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Friday, March 14, 2014 - 10:38pm
El Paso, TX (KDBC) — The Gateway Hotel has been sitting by the corner of Stanton and San Antonio for more than 100 years, and now the place many families have long called home could soon be torn down by the city.
"Demolition seems to be an option that the city throws out every time a building comes up downtown, especially when they've got code violations," said Bernie Sargent, the Chairman of the El Paso Historical Commission.
On Monday, firefighters evacuated everyone living in the 41 units of the Gateway Hotel after inspectors say they discovered problems like carbon monoxide leaks, gas and plumbing issues, and electrical hazards.
"Something new could go up. More business for El Paso," said Danny Camarillo.
"I don't think they should demolish it because they're destroying all the landmarks that we have here in El Paso. As it is, that's an old building and they could probably fix it," said Cindy Torres.
The historical community agrees.
Sargent argues the city shouldn't rush to demolish the hotel.
"There's such a thing, we think, as land blight once these buildings are down. You lose the facade, you lose the heritage of the community," he said.
Sargent says fixing the building up so it doesn't sit empty is the best way to keep history alive while putting it to good use as well.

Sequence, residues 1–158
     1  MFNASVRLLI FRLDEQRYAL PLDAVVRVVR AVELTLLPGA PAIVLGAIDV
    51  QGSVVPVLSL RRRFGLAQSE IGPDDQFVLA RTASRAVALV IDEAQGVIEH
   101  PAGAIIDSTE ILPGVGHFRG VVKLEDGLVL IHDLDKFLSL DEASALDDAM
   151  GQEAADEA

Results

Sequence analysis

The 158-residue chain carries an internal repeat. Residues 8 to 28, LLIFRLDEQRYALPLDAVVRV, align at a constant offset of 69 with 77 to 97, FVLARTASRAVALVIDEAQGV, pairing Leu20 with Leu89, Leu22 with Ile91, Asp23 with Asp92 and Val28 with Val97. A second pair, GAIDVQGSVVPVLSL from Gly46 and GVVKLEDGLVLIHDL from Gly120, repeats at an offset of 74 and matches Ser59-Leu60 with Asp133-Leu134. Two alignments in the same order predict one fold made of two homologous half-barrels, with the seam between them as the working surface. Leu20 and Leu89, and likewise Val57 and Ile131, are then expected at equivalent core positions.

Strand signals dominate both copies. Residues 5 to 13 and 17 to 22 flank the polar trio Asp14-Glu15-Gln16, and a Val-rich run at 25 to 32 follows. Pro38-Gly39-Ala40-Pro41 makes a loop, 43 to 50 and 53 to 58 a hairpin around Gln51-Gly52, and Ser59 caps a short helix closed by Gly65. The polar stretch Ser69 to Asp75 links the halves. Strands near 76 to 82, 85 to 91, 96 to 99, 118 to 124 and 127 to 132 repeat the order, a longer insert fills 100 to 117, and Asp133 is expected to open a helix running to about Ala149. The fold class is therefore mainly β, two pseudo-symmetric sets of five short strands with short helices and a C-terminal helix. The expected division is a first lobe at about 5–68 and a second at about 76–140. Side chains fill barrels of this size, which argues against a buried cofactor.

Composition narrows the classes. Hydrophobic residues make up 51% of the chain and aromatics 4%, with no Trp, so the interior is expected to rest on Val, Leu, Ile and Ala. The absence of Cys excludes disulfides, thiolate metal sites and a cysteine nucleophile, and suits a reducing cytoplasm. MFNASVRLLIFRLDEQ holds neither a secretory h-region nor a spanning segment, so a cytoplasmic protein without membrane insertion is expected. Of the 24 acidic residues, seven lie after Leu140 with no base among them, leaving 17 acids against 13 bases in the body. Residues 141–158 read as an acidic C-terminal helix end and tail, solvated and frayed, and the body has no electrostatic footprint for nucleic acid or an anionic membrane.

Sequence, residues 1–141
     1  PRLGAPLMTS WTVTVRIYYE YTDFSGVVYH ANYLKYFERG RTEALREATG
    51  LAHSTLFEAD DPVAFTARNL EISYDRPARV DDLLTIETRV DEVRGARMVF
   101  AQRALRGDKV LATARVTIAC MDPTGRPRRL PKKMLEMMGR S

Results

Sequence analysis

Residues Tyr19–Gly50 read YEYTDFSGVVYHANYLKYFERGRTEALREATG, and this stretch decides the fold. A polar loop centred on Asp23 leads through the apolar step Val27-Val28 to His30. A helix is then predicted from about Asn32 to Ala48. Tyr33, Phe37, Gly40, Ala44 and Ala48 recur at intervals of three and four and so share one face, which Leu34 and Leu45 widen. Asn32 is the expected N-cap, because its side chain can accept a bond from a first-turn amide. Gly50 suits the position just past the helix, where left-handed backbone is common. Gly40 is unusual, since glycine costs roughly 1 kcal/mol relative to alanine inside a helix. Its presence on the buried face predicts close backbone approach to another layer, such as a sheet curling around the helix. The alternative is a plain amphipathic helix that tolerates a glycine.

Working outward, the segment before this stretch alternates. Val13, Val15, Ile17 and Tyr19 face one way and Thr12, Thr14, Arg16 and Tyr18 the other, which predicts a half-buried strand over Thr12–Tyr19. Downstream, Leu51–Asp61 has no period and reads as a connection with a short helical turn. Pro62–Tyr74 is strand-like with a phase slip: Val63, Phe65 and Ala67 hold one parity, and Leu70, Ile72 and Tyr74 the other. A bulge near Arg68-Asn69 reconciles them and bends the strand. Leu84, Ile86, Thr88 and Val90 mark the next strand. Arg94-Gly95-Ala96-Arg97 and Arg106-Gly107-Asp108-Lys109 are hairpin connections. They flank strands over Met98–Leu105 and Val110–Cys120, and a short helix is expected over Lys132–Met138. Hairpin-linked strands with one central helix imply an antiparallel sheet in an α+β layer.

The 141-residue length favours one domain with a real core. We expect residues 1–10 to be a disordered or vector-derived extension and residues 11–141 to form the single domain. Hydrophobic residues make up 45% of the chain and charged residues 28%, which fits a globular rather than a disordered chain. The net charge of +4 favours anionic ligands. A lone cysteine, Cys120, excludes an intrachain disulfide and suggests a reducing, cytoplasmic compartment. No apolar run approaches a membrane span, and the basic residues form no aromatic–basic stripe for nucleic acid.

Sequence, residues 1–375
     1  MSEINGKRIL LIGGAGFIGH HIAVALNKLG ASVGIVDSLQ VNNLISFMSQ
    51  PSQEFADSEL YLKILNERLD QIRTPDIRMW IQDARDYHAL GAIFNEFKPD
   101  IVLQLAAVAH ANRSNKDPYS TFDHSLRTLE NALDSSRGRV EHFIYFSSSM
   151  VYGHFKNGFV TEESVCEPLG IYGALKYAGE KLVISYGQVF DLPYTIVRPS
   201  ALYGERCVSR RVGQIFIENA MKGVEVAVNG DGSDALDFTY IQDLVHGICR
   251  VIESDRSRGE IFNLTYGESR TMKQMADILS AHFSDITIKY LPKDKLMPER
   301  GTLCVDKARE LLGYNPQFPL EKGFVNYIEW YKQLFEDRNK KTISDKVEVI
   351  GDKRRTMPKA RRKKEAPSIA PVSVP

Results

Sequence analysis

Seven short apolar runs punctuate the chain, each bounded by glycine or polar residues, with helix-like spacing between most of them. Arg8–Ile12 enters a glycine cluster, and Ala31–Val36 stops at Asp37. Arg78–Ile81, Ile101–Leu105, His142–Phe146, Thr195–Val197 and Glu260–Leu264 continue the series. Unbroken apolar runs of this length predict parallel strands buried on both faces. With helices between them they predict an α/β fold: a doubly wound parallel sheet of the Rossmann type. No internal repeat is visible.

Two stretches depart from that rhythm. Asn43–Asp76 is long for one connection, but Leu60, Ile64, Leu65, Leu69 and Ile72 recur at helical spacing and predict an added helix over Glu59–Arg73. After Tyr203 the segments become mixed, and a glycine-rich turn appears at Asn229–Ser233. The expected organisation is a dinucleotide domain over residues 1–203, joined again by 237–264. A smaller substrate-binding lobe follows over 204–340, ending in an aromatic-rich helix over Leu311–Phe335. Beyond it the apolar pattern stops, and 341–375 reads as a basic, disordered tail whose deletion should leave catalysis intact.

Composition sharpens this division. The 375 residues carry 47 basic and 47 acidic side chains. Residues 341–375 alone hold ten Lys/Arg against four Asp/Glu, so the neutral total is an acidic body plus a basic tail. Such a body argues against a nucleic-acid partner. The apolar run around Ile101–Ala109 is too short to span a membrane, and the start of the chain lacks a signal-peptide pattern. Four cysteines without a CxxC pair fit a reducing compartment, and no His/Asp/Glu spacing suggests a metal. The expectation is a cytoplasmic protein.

"...oftentimes, that's far less expensive than demo-ing the whole building," he said.
After all, Sargent says the Gateway Hotel was redesigned by famous Southwest architect Henry Trost in the 1920s, who built El Paso High School, parts of the UTEP campus, and hundreds of other buildings in the city.
"We had over 50 visitors from Tucson travel by train at a modest expense to come over here and see the Trost architecture. It's very well known in that acumen," said Sargent.
But whether it's demolished or renovated, the taxpayer could ultimately foot that bill.
"More cash coming out of our pockets? I don't know about that one," said Torres.
The Gateway Hotel has been at the center of controversy before.
In 2011, the owner of the hotel and 24 other people were convicted in a human smuggling case.
Immigration and Customs Enforcement says they used the hotel to hide illegal immigrants.